Chapter Four introduces yet another mother-child pair: Angie and Lucky Buster. Like Alice and Taylor, Angie is also a single mom. Taylor is dating Jax, but he is not Turtle's father, and at this point Taylor does not think about him as a permanent part of her life. Single motherhood is already an important theme in the novel. In fact, the book affirms untraditional family structures in its many manifestations. For now, the reader should connect Alice, Taylor, and Angie as three examples of mothers willing to sacrifice anything to give their children a sense of love and security. In the context of this novel, a mother's love is strong to the point of being fierce. The reader may remember in the second chapter when Taylor is holding on to Turtle's hand so tightly it is almost painful, and when Lucky returns to his mother, she "envelop[s]" him like a "starfish." Angie's inability to keep Lucky from running away parallels Taylor's future conflict: she, too, will not always be able to protect her daughter, or keep her from straying from home.

The luck and chance motif is further developed in these two chapters. We should note Taylor's thoughts about "luck" in Chapter Four. She renews her commitment to a belief that she should try to not think of "luck" too much. Taylor seems to be saying that no one can rank one kind of luck over another, or no one can say for sure how lucky a person is. As she points out, one might think Lucky Buster unlucky for his mental retardation, or lucky that he cannot conceptualize the severity of his accident.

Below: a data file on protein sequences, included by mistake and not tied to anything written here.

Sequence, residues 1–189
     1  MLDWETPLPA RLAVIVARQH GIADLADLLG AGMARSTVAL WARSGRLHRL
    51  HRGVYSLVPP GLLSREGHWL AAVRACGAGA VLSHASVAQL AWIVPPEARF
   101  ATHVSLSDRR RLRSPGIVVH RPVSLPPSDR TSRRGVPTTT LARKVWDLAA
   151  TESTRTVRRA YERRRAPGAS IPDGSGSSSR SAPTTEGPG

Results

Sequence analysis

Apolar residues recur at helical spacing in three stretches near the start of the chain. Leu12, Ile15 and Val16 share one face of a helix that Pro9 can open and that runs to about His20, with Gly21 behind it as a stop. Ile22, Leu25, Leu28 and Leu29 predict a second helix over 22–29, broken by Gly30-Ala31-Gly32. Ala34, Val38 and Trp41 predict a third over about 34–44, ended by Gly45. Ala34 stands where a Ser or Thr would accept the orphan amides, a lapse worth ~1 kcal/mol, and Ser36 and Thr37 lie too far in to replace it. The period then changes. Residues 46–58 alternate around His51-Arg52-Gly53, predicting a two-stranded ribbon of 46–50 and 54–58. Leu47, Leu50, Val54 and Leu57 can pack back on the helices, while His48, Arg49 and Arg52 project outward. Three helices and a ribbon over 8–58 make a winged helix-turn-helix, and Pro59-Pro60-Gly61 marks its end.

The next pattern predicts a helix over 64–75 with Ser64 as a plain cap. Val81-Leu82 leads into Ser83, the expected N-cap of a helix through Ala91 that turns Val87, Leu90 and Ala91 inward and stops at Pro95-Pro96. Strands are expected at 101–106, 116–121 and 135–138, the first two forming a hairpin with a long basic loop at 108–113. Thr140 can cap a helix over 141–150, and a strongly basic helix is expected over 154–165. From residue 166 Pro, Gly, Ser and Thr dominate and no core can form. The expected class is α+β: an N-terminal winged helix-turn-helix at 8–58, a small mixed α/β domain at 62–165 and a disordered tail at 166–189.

These lines on "luck" will serve a larger purpose in the novel. The reporter's comment about the Chinese belief that Turtle is now obligated to Lucky for life will continue to haunt Taylor. Indeed, this event is the point from which the novel's plot takes off. Turtle's life is changed forever as a result of the chance occurrence she witnessed. Taylor's character and the novel as a whole will not dwell on whether this was a lucky event or an unlucky one. As the novel goes on, the question of what's good for Turtle becomes all the more muddied. Taylor cannot think too much about, or figure it all out in her head; instead, what is right is to just keep living life, seeing where her good or bad luck takes her. It is not for her—or the reader—to know if chance happenings are bad or good, but rather, that they happen, and they change the lives of the people in the middle of them. This sentiment is communicated already in Chapter Five, when the mother and daughter appear on the Oprah Winfrey show. Taylor is a little nervous about flying, and thinks that "children saving lives" is a stupid subject for a T.V. show, but nonetheless, feels obligated to accompany Turtle through the aftermath of Lucky's accident.

Chapter Four also introduces Jax's character in more detail. Jax symbolizes all the men who have never been needed by Alice or Taylor, or any independent woman. The reader should recognize that he sees this situation for what it is, and loves Taylor anyway. One detail in particular helps to clarify his role. He feels Taylor's body and knows that it is not a promise he will get to keep her. Like Taylor and Turtle, he is caught in his own game of chance. He knows that Taylor feels ambivalent about him, but he continues to see where his luck will take him.